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The Alchemy of Finance: A Summary

The Alchemy of Finance: A Summary

January 10, 2023

The Alchemy of Finance was written by renowned investor, George Soros. The book in general attempts to disprove the common assumptions about the market at gives different mental models that you should use when thinking about the market and the subsequent investments you make.

Natural Science vs. Social Science

Soros understood that because social sciences like economics were influenced by thinking individuals whose actions had an impact on the results, they fundamentally varied from nature events.

Although it aspires to be a science, economics lacks objectivity due to the uncertainty created by participants' assumptions. The theory attempts to get around this problem by presuming participants would act rationally.

The end product is an elegant theoretical structure that resembles natural science but does not reflect reality. The assumption of rational behavior is incorrect and leads to great deviation. For instance, it is impossible to know all of the investment options available, thus people base their selections on incomplete information.


Soros developed the idea of reflexivity to deal with this uncertainty rather than try to ignore it. It is characterized as a two-way relationship in which individuals' views also have an impact on events in addition to how they are influenced by them.

The key idea here is that current expectations could significantly affect what happens in the future. Consider a stock; its price is typically determined by the expectations of its investors regarding future earnings. The issuance and buyback of shares, business transactions like M&A, credit ratings and interest rates, or general consumer acceptance, among other things, could all be directly impacted by current valuations in a reflexive manner.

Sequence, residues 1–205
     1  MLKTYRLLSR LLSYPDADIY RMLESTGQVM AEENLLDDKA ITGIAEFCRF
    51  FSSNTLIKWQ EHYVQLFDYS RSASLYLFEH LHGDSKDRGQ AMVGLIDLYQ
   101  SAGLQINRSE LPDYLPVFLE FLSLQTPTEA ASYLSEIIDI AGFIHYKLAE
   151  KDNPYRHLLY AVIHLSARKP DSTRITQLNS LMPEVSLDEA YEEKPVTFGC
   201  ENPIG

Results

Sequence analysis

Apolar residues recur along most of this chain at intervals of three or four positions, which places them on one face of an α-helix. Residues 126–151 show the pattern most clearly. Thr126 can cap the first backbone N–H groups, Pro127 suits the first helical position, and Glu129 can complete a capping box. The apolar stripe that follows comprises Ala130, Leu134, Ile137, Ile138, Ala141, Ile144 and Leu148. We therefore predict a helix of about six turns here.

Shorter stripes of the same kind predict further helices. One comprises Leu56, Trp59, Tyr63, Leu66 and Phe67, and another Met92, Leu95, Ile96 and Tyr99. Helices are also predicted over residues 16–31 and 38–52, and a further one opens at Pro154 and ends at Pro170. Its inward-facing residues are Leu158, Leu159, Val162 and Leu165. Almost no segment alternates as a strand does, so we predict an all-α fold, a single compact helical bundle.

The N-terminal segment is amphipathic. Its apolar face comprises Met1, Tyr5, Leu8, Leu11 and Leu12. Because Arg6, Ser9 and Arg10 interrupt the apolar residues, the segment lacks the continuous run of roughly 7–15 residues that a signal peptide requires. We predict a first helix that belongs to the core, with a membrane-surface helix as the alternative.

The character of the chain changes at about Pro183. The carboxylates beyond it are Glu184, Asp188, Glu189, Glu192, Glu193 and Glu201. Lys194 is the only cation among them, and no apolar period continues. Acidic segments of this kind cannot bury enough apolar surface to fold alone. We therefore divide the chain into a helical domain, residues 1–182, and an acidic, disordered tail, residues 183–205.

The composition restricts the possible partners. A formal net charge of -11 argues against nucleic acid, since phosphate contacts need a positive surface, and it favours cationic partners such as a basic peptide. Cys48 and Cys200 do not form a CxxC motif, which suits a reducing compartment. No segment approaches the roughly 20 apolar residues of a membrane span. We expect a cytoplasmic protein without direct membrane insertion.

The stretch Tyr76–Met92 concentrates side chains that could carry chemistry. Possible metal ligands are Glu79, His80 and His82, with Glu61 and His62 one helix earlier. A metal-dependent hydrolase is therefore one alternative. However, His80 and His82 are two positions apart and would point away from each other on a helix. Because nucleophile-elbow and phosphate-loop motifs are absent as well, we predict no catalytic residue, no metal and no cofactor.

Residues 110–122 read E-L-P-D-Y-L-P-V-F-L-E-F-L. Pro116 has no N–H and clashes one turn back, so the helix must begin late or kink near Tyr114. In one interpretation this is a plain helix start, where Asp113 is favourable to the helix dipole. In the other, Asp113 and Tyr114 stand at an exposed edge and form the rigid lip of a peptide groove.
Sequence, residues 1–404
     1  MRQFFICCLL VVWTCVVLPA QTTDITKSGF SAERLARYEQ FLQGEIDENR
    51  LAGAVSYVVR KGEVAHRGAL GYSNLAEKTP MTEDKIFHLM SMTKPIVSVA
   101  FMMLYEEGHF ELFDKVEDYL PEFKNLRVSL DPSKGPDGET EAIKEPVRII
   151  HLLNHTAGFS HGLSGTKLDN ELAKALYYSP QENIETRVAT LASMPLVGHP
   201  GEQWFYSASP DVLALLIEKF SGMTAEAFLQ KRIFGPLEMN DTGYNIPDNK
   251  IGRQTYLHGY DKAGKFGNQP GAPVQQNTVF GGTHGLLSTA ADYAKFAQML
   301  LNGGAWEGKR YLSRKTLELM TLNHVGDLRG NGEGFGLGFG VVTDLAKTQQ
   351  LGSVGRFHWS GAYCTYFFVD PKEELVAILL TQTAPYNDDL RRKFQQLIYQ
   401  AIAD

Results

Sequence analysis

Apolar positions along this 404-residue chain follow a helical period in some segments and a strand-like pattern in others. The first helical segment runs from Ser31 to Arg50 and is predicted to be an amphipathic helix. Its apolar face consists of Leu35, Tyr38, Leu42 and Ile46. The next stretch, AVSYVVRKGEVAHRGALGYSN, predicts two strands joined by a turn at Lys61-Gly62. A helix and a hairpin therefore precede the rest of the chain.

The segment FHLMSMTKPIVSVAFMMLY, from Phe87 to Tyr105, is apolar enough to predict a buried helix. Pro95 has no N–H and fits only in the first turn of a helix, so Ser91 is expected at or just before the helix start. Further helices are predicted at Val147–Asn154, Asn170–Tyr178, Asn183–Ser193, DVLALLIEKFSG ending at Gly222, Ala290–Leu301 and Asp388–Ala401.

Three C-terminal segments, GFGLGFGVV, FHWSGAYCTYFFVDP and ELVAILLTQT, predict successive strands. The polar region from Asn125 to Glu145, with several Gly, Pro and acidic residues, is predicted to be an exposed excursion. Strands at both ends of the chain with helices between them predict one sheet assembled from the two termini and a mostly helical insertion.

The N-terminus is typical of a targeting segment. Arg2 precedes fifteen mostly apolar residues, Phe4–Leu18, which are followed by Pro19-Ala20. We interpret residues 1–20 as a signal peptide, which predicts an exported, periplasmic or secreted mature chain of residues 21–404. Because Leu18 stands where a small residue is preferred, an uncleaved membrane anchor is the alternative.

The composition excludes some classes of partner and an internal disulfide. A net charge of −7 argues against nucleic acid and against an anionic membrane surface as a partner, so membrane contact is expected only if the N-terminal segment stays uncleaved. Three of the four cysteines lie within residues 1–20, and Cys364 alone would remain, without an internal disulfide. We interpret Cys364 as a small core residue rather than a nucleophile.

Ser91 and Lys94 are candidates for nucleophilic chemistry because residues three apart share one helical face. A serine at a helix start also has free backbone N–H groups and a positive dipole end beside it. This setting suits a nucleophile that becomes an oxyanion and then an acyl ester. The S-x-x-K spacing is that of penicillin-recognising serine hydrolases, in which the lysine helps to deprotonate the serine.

In the following chapters of the book, Soros examines a variety of other reflexive relationships, including the one that exists between foreign currencies and the economy they regulate, the relationship between credit and collateral, where new lending becomes increasingly dependent on collateral values, and the relationship between regulators and the economy they oversee.

Similar to the scientific method, Soros contends that the best approach is to understand what is happening in each unique circumstance and respond appropriately rather than looking for temporary fixes.

Soros claims that he was able to generate higher returns for many years using this methodology in combination with his instinct from years of investment expertise.